No Offense, But…

Hatred stirs up strife, but love covers all offenses. Proverbs 10:12

Have you noticed how easily we get offended?

Honestly, it doesn’t take much. It offends us if the person in the car in front of us drives too slow. Or when the service at a restaurant doesn’t meet our expectations. We even take offense when someone looks at us the wrong way—or doesn’t look at us at all.

Every day we allow grievances to snatch away our peace. Then when something really hurtful happens, we’re undone.

Beloved, Jesus went to the cross to rid us of offense.

Perhaps you’ve never thought of it that way before. But the power of the cross lies in forgiveness, and forgiveness takes no offense.

Jesus showed us what that looked like as He bled for us on the cross.

And Jesus said, “Father, forgive them, for they know not what they do.” Luke 23:34

The people screaming, “Crucify Him!” weren’t sorry. They hadn’t apologized. It wasn’t even over. They shouted insults while He bled for them. They celebrated His agony while He struggled to gasp out the words, “Father, forgive them.”

The love released through that act of forgiveness shook the earth and tore the veil. It crumbled the barrier that separated man from God. And it conquered sin and death in man’s heart so love and life could flow in its place—love that empowers, love that redeems, love that transforms and heals.

When we choose offense, we submit to the spirit of the world—of hatred—rather than the Spirit of love Christ poured out. We choose our sin nature instead of Christ’s nature. Jesus always forgives.

1 Corinthians 13:5 tells us love does not insist on its own way, and it keeps no record of wrongs. Hatred keeps that record, dear one. It remembers every offense.

Can you see why God compels us to forgive, dear one? God is love, and love covers all offenses (Proverbs 10:12).

Beloved, you and I have been empowered by the Holy Spirit dwelling within us to live driven by Christ’s love rather than sin’s hate. We’ve been given a new nature—Christ’s nature—and that nature offers the power to dramatically change our present circumstances. When walking in that nature, we enjoy the beautiful fruit the Holy Spirit provides.

But the fruit of the Spirit is love, joy, peace, patience, kindness, goodness, faithfulness, gentleness, self-control. Galatians 5:22-23

Sounds good, doesn’t it? Wouldn’t you love to live each day feeling your heart swell with love and bubble over with joy? Wouldn’t you love the peace of God to wash away your anxiety and worry? Don’t you long to find yourself empowered to patience instead of blowing up at the people you love?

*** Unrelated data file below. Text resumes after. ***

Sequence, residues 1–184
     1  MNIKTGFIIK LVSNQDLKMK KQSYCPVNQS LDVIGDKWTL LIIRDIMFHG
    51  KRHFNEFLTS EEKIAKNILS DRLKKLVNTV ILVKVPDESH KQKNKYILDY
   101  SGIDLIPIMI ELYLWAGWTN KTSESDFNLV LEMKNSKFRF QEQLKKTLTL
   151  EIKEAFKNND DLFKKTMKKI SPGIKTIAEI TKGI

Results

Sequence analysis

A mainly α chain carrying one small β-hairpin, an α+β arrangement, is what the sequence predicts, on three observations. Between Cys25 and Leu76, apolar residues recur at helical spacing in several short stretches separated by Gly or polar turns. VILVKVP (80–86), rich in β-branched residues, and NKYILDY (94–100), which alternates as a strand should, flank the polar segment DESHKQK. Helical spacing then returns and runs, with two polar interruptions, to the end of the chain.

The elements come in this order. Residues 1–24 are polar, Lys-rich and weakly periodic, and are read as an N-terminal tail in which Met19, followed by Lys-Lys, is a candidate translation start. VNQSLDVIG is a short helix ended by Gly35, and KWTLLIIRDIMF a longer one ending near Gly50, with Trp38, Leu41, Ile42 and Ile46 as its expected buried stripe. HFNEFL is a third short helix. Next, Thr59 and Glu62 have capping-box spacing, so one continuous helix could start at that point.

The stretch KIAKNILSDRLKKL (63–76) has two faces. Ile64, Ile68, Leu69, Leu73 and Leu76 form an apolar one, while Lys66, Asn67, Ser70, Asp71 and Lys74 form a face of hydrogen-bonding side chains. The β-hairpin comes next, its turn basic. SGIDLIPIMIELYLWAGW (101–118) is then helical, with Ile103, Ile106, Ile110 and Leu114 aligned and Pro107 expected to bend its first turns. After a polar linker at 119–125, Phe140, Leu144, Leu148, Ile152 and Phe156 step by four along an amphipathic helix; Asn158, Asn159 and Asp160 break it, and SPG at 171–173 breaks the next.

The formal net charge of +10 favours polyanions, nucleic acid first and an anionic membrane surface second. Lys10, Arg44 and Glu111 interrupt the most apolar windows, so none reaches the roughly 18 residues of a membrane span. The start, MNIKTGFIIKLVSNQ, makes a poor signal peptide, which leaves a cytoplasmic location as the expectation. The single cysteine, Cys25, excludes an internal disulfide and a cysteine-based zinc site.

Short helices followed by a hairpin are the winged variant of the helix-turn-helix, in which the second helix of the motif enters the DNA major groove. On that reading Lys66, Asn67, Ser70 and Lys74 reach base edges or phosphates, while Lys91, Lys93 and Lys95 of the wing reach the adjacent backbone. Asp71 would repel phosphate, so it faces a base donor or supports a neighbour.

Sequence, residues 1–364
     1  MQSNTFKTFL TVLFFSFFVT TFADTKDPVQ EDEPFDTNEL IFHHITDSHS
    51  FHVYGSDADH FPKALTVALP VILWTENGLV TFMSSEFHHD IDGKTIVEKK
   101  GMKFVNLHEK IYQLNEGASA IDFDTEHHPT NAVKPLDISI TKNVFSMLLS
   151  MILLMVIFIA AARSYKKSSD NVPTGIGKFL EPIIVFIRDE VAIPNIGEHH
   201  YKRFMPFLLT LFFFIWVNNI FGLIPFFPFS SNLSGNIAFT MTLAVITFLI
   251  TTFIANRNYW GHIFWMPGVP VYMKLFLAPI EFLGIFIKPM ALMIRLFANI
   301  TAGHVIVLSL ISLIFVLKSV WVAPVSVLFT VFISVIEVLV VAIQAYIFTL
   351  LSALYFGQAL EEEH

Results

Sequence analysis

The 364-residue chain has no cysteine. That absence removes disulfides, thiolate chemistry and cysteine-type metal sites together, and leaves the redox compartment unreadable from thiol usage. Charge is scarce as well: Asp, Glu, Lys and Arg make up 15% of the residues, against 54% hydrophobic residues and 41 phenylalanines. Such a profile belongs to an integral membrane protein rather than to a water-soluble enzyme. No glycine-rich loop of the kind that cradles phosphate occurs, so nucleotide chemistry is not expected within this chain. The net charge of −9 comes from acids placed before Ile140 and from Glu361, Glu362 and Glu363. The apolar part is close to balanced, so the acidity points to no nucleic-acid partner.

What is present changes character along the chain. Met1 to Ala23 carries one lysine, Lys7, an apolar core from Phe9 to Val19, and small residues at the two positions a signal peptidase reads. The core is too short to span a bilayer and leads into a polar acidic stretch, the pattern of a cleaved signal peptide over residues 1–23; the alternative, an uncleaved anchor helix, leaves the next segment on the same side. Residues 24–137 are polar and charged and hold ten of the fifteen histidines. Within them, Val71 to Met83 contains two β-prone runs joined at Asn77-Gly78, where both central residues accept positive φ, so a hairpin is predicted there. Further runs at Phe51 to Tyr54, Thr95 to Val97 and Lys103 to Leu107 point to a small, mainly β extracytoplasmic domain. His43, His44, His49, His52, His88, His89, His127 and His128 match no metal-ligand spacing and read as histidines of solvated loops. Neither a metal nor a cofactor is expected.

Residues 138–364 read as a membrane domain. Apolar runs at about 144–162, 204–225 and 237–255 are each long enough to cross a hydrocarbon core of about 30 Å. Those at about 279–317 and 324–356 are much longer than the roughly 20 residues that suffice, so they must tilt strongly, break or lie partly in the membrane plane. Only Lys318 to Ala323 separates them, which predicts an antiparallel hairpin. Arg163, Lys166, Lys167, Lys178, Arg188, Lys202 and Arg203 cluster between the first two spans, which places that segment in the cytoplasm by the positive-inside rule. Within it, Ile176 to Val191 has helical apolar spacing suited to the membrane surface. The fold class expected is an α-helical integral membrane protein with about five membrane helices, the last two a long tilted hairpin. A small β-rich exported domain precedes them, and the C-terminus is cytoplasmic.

Unfortunately, that isn’t where most of us live. Instead, we far more readily give in to our flesh, spending much of our days tied up in knots, feeling frustrated, angry, depressed, and overcome by the circumstances we find ourselves in. Our families end up baring the brunt of our misery.

What are we missing? Perhaps Matthew 6:14-15 will shed some light on the root of our struggle.

“For if you forgive others their trespasses, your heavenly Father will also forgive you, but if you do not forgive others their trespasses, neither will your Father forgive your trespasses.”

Powerful words. Jesus said if I refuse to forgive others, God won’t forgive me. Let’s put it another way. If I refuse to release others, God doesn’t release me.

No wonder so many of us feel stuck.

Taking offense and harboring bitterness in your heart will keep you from experiencing the grace of forgiveness in your own life. That means the power God offers through forgiveness gets held back, and you feel the weight of the offense you carry.

You may have noticed. Offense imprisons you in darkness.

Dear one, God’s command to forgive those who offend us isn’t about letting them off the hook. It’s about allowing God’s power to continue to flow into our lives. Bitterness blocks the flow of His love, and love empowers everything God does.

You and I don’t deserve forgiveness, dear one. We’re guilty. But Jesus offers it anyway and asks us to receive it by faith.

Yet we struggle to extend that grace others. We want people to earn it. And we won’t offer forgiveness freely because whoever hurt us doesn’t deserve it.

I won’t argue with you. Nobody really deserves forgiveness. The very fact that we need to extend it means that a wrong has taken place.

But God’s not asking us to let people off the hook when He asks us to forgive them. He’s asking us to let Him bear the burden. He’s asking us to trust His promise in Exodus 14:14,

“The Lord will fight for you; you need only to be still.” (NIV)

When we trust God to keep His Word and surrender our bitterness, a beautiful thing happens. He moves on our behalf. And trusting Him accesses the grace of God to provide the fruit of the Spirit in us. Love replaces anger. Joy replaces bitterness. Peace overshadows strife.

Forgive, dear one, so you can be forgiven. Release your captors so that you can live free.

Is This What Love Looks Like?